# Stochastic optimization Algorithm

If I asked you to walk down a candy aisle blindfolded and pick a packet of candy from different sections as you walked along, how would you make your pick? Given that you have no control due to the absence of vision, you’d make a “random” pick, right?

Similarly, a computer would use “randomness” to find the optima of an objective function. This random search is called a Stochastic algorithm but, what is an optimization algorithm? Before we try to decode it, let’s focus on the word: optimization.

According to the Handbook of Research on Nature Inspired Computing for Economics and Management, Hershey, IGR, 2006, optimizing is the process of finding the solution ω∗ which minimizes (maximizes) f.

Now that we have the definition of each term, let’s summarize it into a simple sentence:

Stochastic optimization algorithm refers to the field of optimization algorithms that explicitly use randomness to find the optima of an objective function or optimizes its randomness.

Its use is primarily extensive in machine learning, specifically for classification and regressive predictive modeling problems. The method used is complex and non-linear. Stochastic global search optimization algorithm approximates global optimum for a function. Another term for the same would be Simulated annealing. Its applications are circuit partitioning, hardware/software, graph partitioning, and image processing. Here’s a flowchart of the algorithm to help you understand it better.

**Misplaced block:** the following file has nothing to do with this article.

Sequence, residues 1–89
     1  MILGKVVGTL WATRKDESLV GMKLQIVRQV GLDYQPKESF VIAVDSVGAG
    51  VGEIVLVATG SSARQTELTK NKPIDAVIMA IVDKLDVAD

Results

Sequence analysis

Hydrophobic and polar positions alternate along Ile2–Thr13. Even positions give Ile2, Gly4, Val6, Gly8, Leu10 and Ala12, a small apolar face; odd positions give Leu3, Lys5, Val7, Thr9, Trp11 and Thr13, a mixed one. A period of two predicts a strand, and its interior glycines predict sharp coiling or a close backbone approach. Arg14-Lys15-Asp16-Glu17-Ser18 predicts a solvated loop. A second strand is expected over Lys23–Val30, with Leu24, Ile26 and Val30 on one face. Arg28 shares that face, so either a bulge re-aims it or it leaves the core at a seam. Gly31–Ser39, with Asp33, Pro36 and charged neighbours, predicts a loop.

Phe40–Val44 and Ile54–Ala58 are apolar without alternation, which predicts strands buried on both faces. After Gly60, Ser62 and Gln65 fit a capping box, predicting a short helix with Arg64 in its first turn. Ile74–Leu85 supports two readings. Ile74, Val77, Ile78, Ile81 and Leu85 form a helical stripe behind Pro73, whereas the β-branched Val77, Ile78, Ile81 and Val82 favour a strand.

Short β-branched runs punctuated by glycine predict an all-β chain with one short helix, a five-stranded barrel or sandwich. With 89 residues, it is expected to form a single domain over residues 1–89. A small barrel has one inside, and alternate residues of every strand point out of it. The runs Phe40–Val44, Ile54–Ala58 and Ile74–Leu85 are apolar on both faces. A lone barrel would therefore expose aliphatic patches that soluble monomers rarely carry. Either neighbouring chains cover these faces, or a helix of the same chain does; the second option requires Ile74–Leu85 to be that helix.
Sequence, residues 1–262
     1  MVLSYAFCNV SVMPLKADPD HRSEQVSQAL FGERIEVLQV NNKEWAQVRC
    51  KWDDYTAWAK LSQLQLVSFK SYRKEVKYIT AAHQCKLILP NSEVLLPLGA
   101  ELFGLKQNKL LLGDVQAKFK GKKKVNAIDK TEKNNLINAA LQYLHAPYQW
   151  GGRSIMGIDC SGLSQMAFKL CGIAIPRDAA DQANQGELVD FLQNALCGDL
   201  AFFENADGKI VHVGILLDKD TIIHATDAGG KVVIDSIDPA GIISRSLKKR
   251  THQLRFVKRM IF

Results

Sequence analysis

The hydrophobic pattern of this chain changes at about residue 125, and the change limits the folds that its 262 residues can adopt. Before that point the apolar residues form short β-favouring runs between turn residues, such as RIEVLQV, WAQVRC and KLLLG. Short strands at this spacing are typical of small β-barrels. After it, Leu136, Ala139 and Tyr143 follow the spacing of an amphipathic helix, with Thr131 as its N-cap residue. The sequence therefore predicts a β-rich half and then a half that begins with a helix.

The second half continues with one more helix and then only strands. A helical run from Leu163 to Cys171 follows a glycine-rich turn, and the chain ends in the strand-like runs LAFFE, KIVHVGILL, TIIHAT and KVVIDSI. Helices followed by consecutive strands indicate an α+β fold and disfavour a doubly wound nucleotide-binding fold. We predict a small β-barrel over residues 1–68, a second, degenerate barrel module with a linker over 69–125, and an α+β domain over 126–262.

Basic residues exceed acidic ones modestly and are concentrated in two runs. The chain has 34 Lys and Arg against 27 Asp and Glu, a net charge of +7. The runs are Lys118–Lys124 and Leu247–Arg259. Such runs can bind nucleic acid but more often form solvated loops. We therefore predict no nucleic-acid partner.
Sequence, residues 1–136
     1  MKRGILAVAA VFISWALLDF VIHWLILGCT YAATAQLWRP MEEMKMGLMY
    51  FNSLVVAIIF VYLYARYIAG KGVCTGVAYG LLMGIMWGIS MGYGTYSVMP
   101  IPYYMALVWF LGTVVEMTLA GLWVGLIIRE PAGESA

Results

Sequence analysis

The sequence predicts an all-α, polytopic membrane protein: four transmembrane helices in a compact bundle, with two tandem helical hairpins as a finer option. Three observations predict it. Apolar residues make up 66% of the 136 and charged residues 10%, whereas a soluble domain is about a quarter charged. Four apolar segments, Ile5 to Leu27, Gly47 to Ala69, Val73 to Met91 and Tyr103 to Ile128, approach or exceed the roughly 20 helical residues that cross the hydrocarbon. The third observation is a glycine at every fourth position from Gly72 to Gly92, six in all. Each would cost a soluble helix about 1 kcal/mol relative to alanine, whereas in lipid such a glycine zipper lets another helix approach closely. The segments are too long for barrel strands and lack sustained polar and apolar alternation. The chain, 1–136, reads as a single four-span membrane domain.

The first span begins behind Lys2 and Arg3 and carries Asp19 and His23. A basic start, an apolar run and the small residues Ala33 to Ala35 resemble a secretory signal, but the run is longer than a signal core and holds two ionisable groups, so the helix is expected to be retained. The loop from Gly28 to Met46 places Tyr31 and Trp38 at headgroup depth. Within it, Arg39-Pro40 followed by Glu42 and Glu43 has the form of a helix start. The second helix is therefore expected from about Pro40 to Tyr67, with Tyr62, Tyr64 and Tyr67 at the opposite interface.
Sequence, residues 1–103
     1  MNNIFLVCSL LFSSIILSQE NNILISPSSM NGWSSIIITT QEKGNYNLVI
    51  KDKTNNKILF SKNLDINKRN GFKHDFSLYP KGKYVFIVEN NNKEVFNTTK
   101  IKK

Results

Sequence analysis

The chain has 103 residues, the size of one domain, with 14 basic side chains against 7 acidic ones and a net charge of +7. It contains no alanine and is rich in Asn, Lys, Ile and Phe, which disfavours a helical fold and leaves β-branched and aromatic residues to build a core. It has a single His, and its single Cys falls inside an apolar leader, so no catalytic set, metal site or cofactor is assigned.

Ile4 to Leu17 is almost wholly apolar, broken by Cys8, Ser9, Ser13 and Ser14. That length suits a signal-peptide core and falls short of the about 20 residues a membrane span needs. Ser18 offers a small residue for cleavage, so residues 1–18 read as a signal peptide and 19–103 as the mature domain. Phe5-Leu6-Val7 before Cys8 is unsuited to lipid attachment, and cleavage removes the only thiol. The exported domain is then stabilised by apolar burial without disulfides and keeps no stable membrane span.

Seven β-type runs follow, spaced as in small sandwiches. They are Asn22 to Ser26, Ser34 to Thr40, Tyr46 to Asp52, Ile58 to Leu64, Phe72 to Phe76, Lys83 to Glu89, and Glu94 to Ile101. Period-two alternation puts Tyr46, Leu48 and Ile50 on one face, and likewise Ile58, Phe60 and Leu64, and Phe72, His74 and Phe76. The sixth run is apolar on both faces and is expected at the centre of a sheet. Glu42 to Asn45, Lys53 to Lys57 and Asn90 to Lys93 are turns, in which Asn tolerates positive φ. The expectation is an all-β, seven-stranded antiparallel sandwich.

Further real-life applications are in industrial, biological, engineering, and electrical fields. Its principles are also applicable in evolutionary computing and genetic algorithms.

The algorithm is in use in two different situations: while comparing algorithms and evaluating the final result.

Let’s try understanding these individually. The ordinal comparison of heuristic algorithms uses stochastic optimization. Heuristic refers to a time-effective technique that solves a problem expeditiously. We detail this algorithm comparison issue as a stochastic advancement issue. Two methodologies for stochastic improvement, ordinal advancement, and ideal computing budget helps in comparison. There is Computational testing on a set of algorithm grouping calculations in the IMSL library. The outcomes show that this strategy can decide the overall presentation of heuristic calculations with high certainty likelihood while utilizing a fraction of PC of what the traditional techniques require.

The algorithm is also in use while evaluating the final result. Now, Assume you have to find the value of a function that minimizes the cost function but, the parameters can’t be analyzed. In that case, you’d use gradient descent.

Stochastic gradient descent is a simplistic approach to fitting linear classifiers and regressors. It has been a part of the machine learning community for way too long. However, the topic has received individual spotlight very recently. Given that data is sparse, the classifiers are advantageous as they can scale problems with more inbuilt features.